Editorial

Risky recourse: on LIC's proposed stake in IDBI Bank

 

The Insurance Regulatory and Development Authority of India has approved a proposal to allow the Life Insurance Corporation of India to increase its stake in the ailing state-owned IDBI Bank to 51%. The plan envisages the insurer injecting much- needed capital into the financially stressed lender, which was placed under the Reserve Bank of India’s prompt corrective action framework in May 2017 as a consequence of its non-performing assets rising beyond a threshold. While there are no details on how exactly this capital infusion will take place — reports suggesting that the LIC may acquire the additional 40% stake it would need to reach 51% shareholding from the Government of India — market speculation and media reports have estimated figures north of ₹10,000 crore. While for the LIC the sum is a small fraction of the ₹1.24 lakh crore it received in just first-year premiums in the year ended March 31, 2017, for IDBI Bank the funds would almost equal the ₹12,865 crore in capital infusion it got from the government in the last fiscal. Whether this will be adequate to even staunch the flow of red ink at the troubled bank, leave alone help it turn around, is another matter. The bank posted a net loss of ₹8,238 crore in the 12 months ended March 31, 2018, and is facing the prospect of more losses with gross non-performing assets rising to 28%.

The proposal raises several troubling questions. The government clearly sees it as a relatively painless way to recapitalise the bleeding bank without adversely impacting its fiscal position, but the risks in increasingly banking on state-controlled cash-rich corporations to help bail out other state-owned companies or lenders are too significant to be glossed over. Then, there are the regulators. The IRDA, whose mission is to “protect the interest of and secure fair treatment to policyholders”, is reported to have exempted the LIC from the well-reasoned 15% cap on the extent of equity holding an insurer can have in a single company. This puts at risk the interests of the premium-paying customers of the LIC. The Securities and Exchange Board of India has in the past waived the mandatory open offer requirement under its takeover regulations when it involved a state-run acquirer and another state enterprise as the target. As the capital markets watchdog, SEBI has an obligation in all such cases to weigh the interests of the small investor. And the RBI, as the banking regulator, should not ignore the contagion risks that the level of “interconnectedness” the proposed transaction would expose the entire financial system to.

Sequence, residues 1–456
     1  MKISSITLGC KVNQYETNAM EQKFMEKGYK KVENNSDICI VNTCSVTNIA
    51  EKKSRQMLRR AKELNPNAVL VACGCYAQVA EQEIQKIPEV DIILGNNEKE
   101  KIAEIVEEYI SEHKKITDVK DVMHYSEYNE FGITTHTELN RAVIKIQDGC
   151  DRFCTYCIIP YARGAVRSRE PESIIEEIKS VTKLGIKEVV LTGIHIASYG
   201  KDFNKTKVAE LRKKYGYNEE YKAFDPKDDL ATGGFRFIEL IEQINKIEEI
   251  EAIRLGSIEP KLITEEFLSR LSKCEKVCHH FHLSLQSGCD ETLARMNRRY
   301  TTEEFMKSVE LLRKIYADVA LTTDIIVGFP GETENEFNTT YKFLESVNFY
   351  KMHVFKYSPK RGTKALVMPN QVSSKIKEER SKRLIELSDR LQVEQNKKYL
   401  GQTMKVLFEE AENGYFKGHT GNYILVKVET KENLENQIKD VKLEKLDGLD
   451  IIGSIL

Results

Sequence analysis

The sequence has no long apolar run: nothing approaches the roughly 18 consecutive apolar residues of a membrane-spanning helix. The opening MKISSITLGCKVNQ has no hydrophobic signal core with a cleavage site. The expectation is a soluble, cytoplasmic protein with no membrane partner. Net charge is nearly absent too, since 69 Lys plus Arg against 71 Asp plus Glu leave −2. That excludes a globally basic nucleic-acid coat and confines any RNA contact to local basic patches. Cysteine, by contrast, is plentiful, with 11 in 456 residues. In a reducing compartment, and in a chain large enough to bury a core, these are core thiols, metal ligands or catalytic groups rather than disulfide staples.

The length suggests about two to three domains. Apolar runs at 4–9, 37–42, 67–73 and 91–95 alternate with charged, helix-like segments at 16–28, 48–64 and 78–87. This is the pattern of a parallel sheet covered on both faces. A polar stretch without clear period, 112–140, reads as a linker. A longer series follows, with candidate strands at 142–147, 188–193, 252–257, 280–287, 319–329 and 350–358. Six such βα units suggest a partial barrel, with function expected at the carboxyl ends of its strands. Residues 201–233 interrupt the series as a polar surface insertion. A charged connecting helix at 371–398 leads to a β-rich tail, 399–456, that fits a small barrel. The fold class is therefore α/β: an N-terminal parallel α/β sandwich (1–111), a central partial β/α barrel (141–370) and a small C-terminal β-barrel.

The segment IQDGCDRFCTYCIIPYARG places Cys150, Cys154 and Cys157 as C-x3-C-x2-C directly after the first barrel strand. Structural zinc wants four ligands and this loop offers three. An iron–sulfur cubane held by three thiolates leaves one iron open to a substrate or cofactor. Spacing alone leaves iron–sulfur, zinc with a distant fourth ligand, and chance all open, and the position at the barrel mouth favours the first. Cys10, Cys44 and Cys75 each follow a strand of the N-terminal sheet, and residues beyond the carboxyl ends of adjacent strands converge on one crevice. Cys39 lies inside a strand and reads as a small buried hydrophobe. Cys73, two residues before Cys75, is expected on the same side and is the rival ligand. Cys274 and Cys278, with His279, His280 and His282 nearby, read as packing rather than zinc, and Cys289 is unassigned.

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Printable version | Dec 6, 2020 6:16:36 AM | https://www.thehindu.com/opinion/editorial/risky-recourse/article24305892.ece

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